The figures represented in this etching reference a story written by Ensor’s friend, the author and critic Eugène Demolder called Les Contes d’Yperdamme, in which the character of Saint Fridolin appears. A flute-playing Ensor (Fridolin) makes Demolder (Gragapança) dance to his tune, an ironic commentary on the roles of artist and the critic. The depiction of Ensor playing music is not, however, merely fanciful. Demolder commented about his friend:
'…if Ensor had not been a painter, he would have been a musician. He always carries a tin-whistle, drawing bright, dancing sounds from it and there is nothing more gay than to see him, his long, thin fingers blocking the holes of his instrument, executing multiple variations with the air of a mocking satyr.’ (E. Demolder, La Libre Critique, 6 January 1895, p. 120-121; quoted in X. Tricot, James Ensor. The Complete Prints, F. Deceuninck, Roeselare, 2010, p. 189).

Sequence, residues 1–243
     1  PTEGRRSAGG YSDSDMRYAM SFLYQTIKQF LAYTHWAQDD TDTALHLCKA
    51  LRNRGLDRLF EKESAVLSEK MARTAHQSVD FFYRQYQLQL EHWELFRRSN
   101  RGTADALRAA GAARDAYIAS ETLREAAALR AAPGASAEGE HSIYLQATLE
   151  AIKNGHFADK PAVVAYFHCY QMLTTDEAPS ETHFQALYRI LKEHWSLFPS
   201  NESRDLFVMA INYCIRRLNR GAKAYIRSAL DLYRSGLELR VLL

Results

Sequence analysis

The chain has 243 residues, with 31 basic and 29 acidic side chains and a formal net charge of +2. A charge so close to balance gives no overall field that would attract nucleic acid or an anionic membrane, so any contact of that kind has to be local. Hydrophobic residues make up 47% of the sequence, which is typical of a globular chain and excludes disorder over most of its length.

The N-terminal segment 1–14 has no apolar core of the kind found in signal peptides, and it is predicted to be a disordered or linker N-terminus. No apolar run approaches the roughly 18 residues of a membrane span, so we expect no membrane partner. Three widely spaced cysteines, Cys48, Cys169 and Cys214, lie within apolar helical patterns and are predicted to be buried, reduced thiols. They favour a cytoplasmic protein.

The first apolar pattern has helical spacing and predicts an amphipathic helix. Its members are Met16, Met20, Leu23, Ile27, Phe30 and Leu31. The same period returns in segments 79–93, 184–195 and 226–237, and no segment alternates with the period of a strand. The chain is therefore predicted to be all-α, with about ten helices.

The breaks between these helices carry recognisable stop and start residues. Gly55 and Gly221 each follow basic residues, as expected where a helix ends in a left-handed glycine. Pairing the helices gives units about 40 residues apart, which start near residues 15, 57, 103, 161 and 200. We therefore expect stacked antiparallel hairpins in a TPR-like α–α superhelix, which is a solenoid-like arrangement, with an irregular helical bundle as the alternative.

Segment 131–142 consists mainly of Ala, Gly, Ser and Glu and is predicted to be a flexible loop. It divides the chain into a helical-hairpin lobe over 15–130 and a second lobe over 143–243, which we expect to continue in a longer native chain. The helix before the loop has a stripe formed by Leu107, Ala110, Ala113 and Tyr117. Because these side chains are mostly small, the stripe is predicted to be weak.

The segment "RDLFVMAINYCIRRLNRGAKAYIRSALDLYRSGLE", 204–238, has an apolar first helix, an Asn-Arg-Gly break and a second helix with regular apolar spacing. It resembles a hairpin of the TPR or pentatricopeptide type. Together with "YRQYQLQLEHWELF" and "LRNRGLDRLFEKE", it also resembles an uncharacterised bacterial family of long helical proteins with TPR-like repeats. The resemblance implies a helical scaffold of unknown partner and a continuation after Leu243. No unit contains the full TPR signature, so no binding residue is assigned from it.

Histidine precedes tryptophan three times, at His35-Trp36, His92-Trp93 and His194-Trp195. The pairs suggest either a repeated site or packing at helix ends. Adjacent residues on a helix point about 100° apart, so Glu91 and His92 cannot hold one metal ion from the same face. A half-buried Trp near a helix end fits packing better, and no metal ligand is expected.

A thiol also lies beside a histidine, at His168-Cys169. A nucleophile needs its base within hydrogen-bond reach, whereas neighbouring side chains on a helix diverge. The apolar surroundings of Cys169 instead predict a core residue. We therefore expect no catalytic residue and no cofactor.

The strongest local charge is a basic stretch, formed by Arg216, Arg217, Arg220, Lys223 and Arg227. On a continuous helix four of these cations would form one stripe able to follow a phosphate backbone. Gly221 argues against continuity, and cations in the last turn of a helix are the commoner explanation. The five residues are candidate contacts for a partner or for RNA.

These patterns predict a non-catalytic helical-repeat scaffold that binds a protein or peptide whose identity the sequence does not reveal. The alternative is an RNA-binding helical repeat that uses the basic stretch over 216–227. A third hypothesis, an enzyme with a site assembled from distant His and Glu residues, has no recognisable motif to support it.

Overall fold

Ensor’s activities as a musician and composer are not widely known. In 1911 he completed a ballet called La Gamme d’Amour, which was finally premiered in 1924 in the Royal Flemish Opera in Antwerp. His approach was typically unorthodox as he played from memory, collaborating with other musicians such as Georges Vraimont (see lot 73), who scored his musical arrangements for symphonic orchestra.